George C. Wolfe

Four-time Tony winner and Frankfort native George C. Wolfe will get hometown recognition for his accomplishments at "George C. Wolfe: At Home on Broadway," a public interview and banquet planned for Oct. 20 at the Grand Theatre and Kentucky History Center. (Photo courtesy of Playbill)

If, as Shakespeare said, all the world is a stage, then George C. Wolfe is returning home to Frankfort as a major player.

The Tony award-winning playwright and iconic director of theater and film will be at the Grand Theatre on Sunday, Oct. 20, to be honored by Capital City Museum for his esteemed artistic career. 

Growing up in an American South that was still being integrated, Wolfe attended First Baptist Church and lived down the street from his cousins and grandmother. It was a tight-knit community that provided him a sense of security.

“I had confidence and curiosity because I grew up in a safe environment,” Wolfe told The State Journal in a phone interview this week. “I lived inside of what was a kind of lovely bubble, as I think any child should live inside of a kind of bubble for a certain part of their childhood.” 

Even so, he experienced a seminal moment of discrimination that stayed with him. When Wolfe was a boy, the Disney movie "101 Dalmatians” was showing at The Capitol Theatre. When his grandmother tried to take him to a screening, the theater would not allow him to attend. 

“I viewed my grandmother as such a protective force, and even she couldn’t shatter that boundary,” Wolfe recalled. “So that stuck with me in a very specific way.” 

Wolfe attended The Rosenwald School of Frankfort, an all-black public school. He later attended Frankfort High School, where he began pursuing his interests in theater and writing. After graduating from Frankfort High, Wolfe attended Kentucky State University, his parents’ alma mater, for one year. Then he decided it was time to explore the world beyond Kentucky’s small capital city. 

Backward Glance Optimists 1971.jpg

Fourth from left, a young George C. Wolfe Eight was among eight Frankfort High School students that were guests of the Downtown Frankfort Optimist Club in 1971. Pictured from left are, Tim Harrod, Bill Rodgers Jr., Jimmy Dixon, Wolfe, Bobby Johnson, Mary Anna Bennett, Ben Burchfield of the Optimist Club, Dan Smith and Chuck Fitzgerald. (Photo by Bill Rodgers Sr. courtesy Rodgers Studio)

Wolfe credits his parents with instilling in him the confidence to launch out on his own. When he was 12, his mother worked on an advanced degree at New York University. George lived in New York City with her for a summer. 

“So that prospect of venturing into the world was given to me by my parents,” he said. “They had already given me that sense of curiosity, ambition and fascination with an otherness.”

At age 19, Wolfe left Frankfort and moved to Claremont, California, just outside Los Angeles, to pursue a degree in theater at Pomona College. 

“You need to leave where you are from because you will get to experience pieces of yourself that you never would if you stay where you’re from,” Wolfe said. “Join the world, travel as many places as you possibly can and absorb as much as you possibly can. And then if you want to return home, I think you do so, but you do so with a different kind of awareness.”

When considering how much he has achieved since his days in a segregated Frankfort, Wolfe said, “I don’t really listen to people telling me no. That’s giving them entirely too much power. You have to obey the rhythms and truths inside of yourself, at any age.”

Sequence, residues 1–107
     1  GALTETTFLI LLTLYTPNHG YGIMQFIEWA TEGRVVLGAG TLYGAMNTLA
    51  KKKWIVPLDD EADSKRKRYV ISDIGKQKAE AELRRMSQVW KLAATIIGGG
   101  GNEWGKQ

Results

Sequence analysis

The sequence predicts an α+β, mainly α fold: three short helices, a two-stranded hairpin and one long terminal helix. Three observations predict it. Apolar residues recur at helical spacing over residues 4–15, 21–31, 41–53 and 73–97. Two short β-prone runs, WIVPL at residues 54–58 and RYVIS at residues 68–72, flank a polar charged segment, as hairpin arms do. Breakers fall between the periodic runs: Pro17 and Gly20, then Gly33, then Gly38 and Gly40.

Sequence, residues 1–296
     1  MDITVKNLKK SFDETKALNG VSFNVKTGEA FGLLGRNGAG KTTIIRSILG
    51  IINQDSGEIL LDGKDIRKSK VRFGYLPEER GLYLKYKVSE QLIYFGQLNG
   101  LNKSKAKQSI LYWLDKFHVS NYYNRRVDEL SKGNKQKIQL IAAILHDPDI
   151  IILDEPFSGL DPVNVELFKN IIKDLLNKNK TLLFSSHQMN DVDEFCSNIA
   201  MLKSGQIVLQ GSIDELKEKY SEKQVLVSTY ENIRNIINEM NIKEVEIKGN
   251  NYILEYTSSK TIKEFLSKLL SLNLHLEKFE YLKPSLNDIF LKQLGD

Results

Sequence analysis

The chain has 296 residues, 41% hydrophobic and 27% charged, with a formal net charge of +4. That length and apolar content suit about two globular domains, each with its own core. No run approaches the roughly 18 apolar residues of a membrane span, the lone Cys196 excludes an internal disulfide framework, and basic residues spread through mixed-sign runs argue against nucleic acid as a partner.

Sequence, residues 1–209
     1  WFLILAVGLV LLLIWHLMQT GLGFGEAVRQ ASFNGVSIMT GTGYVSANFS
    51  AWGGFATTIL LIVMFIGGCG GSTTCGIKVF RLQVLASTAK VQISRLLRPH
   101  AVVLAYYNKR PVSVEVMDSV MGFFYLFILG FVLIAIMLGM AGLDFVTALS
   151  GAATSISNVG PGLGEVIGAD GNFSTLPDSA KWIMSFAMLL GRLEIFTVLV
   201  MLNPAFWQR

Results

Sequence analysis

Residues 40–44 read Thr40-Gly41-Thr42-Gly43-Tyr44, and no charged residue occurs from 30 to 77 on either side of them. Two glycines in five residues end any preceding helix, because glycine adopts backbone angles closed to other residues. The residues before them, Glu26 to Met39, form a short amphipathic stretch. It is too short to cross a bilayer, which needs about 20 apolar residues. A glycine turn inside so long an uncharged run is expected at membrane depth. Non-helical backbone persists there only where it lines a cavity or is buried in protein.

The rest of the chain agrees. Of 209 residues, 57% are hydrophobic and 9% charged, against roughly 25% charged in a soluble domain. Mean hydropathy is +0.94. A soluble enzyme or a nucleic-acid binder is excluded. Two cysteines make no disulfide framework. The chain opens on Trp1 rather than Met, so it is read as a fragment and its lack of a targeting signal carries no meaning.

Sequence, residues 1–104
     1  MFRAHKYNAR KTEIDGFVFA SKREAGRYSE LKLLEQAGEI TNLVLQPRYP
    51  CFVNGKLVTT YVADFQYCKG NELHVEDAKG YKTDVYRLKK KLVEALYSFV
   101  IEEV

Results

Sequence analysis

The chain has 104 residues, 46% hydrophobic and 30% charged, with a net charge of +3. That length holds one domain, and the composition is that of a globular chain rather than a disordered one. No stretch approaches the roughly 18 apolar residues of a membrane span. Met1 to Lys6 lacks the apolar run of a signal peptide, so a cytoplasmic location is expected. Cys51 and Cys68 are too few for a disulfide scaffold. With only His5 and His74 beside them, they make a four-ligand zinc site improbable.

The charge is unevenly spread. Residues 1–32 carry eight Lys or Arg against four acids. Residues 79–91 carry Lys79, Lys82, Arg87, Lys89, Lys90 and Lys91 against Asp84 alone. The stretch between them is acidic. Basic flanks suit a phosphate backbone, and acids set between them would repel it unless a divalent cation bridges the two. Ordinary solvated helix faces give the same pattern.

He still feels a sense of awe about how blessed he is to be a successful, working writer and director of theater and film.

“I do think about the people who I descended from who didn’t have those options, people who were smart and exceptional and wonderful, but the world had not changed enough for that to happen.”

Wolfe’s career stands as a “yes” to all the “no's” he faced along the way.

“I’m not going to give somebody else’s ‘no’ that degree of power over my psychological well-being and over my accomplishments,” he said.

Those accomplishments are many.

In 1991, Wolfe wrote the musical "Jelly's Last Jam." The play received 11 Tony nominations. In 1993, he won a Tony for directing Tony Kushner’s “Angels in America: Millennium Approaches.” Three years later, he won a second Tony for directing the musical “Bring in ‘Da Noise, Bring in ‘Da Funk.”  

In the early 2000s, Wolfe branched out into directing movies. Among his directing credits are “Lackawanna Blues” (2005); “Nights in Rodanthe” (2008), starring Richard Gere and Diane Lane; and “The Immortal Life of Henrietta Lacks” (2017). 

In 2013, Wolfe was inducted into the American Theater Hall of Fame. 

Currently, Wolfe is in postproduction on a movie adaptation of August Wilson’s play “Ma Rainey’s Black Bottom” for Netflix. The movie stars Viola Davis and Chadwick Boseman. 

Wolfe also revealed he is writing a screenplay set in Frankfort. 

“As time goes on, I’ve become more and more fascinated by Frankfort and by Kentucky,” he said. “Over time, it became very clear to me by virtue of leaving how much I was from there.”

Wolfe said he is looking forward to visiting his hometown next weekend.

“It’ll be fun and I’ll get to connect with people,” he said. 

“I can’t remember when was the last time I was at the Grand. It was probably when I was maybe 8 years old. But when I walk into the Grand, it will be the first time I’ll be walking in through the front door,” Wolfe said. “That’s a fact.”

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